In 2023, USTRANSCOM will participate in a series of exercises focused on the Indo-Pacific region. Van Ovost emphasized the importance of these training events. 

“Through the Globally Integrated Exercise, Pacific Sentry, Air Mobility Command’s Mobility Guardian ’23, and other combined exercises we will put a premium on closing operational gaps to strengthen deterrence and develop new concepts to prevail.”

Since 85 percent of American forces are based in the continental United States, the need for modern and capable transportation systems, infrastructure and platforms are important to deploy these forces during the next conflict, especially to the vast Indo-Pacific region. Thus, mobility recapitalization efforts are critical to operate in a future logistics environment. Advocating for modernization will remain a focus, especially the need for air refueling aircraft and ships.

2023 also brings a new responsibility. “TRANSCOM is preparing to assume the role as the Department’s single manager for global bulk fuel,” said Van Ovost, “Partnering with DLA’s capability and experience, TRANSCOM will focus on the synchronization of posture, planning, execution, and advocacy for resources to meet the energy needs of the joint force in a contested environment.” This will ensure fuel will be transported to vital locations and able to get to the warfighting units during conflict, while reducing the threat to this resource. 

•    Empower a competitive and resilient warfighting team

“Our strength is derived from the interconnection of our capabilities, the resilience of our global network, and the dedication of our people,” said Van Ovost. “This is the strategic advantage we must evolve.”

Leaders will continue investing in people to build and hone critical skills required to compete and win during any crisis. Investing in people includes maintaining an environment in which all are treated with dignity and respect, and strengthened by demonstrating that we value families, and the personal wellbeing of all. The directorate of Manpower and Personnel hired a fulltime expert in recruiting and a position to lead inclusion and diversity initiatives. To stimulate innovation and help to develop the next generation, the command has entered into Education Partnership Agreements with multiple universities to further the study of science, technology engineering and technology topics, which are foundational competencies for USTRANSCOM’s global mobility enterprise.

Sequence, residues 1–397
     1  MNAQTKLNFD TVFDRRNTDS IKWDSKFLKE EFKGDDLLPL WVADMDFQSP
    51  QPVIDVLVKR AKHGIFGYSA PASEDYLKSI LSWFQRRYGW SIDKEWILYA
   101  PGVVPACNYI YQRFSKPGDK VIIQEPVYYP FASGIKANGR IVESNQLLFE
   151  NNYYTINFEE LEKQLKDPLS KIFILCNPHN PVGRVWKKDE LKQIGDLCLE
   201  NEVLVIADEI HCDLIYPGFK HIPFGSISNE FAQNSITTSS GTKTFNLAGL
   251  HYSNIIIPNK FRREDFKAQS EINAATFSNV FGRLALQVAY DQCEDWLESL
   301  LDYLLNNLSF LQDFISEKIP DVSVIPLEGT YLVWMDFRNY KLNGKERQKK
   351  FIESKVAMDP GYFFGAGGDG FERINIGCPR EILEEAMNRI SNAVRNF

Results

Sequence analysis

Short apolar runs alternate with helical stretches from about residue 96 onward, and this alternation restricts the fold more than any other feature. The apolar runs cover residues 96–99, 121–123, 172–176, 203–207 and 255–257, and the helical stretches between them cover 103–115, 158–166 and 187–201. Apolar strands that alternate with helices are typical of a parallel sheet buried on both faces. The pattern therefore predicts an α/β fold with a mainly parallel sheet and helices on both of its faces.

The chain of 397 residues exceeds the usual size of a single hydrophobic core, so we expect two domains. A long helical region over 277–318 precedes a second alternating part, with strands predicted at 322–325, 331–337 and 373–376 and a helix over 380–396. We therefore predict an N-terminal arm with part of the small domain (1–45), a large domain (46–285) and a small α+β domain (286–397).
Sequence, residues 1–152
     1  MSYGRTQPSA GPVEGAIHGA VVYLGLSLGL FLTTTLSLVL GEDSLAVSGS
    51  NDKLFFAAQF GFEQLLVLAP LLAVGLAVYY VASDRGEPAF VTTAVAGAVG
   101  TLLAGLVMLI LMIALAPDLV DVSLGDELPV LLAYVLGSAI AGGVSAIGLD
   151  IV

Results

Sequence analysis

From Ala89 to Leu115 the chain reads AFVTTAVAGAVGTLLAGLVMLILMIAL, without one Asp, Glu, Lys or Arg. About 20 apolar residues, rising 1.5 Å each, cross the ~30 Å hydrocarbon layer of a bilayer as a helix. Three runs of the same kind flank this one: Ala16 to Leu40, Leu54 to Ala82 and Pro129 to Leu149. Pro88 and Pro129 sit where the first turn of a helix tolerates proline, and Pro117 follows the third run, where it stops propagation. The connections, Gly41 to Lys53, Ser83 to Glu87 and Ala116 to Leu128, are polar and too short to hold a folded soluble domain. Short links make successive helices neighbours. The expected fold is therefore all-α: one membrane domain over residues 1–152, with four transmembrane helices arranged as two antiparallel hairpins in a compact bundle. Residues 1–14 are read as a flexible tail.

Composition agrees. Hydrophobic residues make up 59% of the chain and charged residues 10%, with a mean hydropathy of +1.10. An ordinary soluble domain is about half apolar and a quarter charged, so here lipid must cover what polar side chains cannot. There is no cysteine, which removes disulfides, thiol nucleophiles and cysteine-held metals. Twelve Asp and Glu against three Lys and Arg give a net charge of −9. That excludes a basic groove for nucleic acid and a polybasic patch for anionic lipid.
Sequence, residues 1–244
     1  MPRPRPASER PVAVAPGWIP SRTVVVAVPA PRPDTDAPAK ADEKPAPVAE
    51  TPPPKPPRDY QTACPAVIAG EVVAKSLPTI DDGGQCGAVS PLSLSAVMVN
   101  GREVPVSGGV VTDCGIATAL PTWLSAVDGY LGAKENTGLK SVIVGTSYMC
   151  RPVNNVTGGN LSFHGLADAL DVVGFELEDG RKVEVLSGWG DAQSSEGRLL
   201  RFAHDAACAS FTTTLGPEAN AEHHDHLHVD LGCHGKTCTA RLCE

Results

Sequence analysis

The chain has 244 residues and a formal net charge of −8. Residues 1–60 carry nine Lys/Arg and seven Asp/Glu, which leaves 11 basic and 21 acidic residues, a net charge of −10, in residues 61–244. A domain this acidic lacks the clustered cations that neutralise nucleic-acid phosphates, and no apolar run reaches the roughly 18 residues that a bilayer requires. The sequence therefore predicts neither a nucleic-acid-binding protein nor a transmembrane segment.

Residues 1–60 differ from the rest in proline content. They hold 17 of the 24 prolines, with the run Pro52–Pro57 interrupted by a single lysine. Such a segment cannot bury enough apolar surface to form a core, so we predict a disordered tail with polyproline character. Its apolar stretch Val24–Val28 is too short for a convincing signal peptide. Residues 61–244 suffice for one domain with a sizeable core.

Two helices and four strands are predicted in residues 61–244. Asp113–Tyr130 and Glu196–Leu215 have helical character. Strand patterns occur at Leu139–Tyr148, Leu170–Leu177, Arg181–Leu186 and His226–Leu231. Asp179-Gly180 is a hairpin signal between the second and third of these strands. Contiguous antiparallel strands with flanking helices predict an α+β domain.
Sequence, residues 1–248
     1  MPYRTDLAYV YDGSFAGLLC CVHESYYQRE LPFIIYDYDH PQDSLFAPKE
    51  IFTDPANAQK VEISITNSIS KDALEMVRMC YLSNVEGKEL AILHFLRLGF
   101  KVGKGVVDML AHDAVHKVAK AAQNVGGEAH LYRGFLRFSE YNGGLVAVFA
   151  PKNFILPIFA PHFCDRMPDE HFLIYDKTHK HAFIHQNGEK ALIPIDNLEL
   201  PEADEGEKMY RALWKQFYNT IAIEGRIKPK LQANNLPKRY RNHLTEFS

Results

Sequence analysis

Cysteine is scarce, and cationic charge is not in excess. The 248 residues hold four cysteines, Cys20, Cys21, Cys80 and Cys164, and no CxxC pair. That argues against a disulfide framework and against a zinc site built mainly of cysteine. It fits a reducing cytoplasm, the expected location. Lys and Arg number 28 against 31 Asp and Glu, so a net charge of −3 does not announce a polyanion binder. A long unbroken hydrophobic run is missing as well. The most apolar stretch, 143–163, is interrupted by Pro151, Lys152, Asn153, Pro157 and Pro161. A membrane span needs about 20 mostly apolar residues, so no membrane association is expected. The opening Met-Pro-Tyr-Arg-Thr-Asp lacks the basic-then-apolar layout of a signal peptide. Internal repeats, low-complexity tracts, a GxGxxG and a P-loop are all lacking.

USTRANSCOM is supporting various innovation efforts though research, development test and evaluation projects with other military teams. These efforts will build upon those, like the Army’s RAIL kit, a modular ramp system for unloading cargo, and the Ares Dynamic Network Automation project, which explores the use of double blockchain technology for secure communications with commercial vendors. This emphasis on collaboration and innovation will continue in 2023, including: 
-    Army initiative to develop a 40 ft. platform to support airdrop of service payloads; 
-    Naval Facility Engineering and Expeditionary Warfare Center project to enhance over-the-shore operations in contested environments through a positioning system that supports remote unmanned operations; and
-    Army Development Command/Armament Center project to provide the 21st Theater Support Command in Europe the data, planning and execution information it needs to move forces once they arrive in theater to their final destination.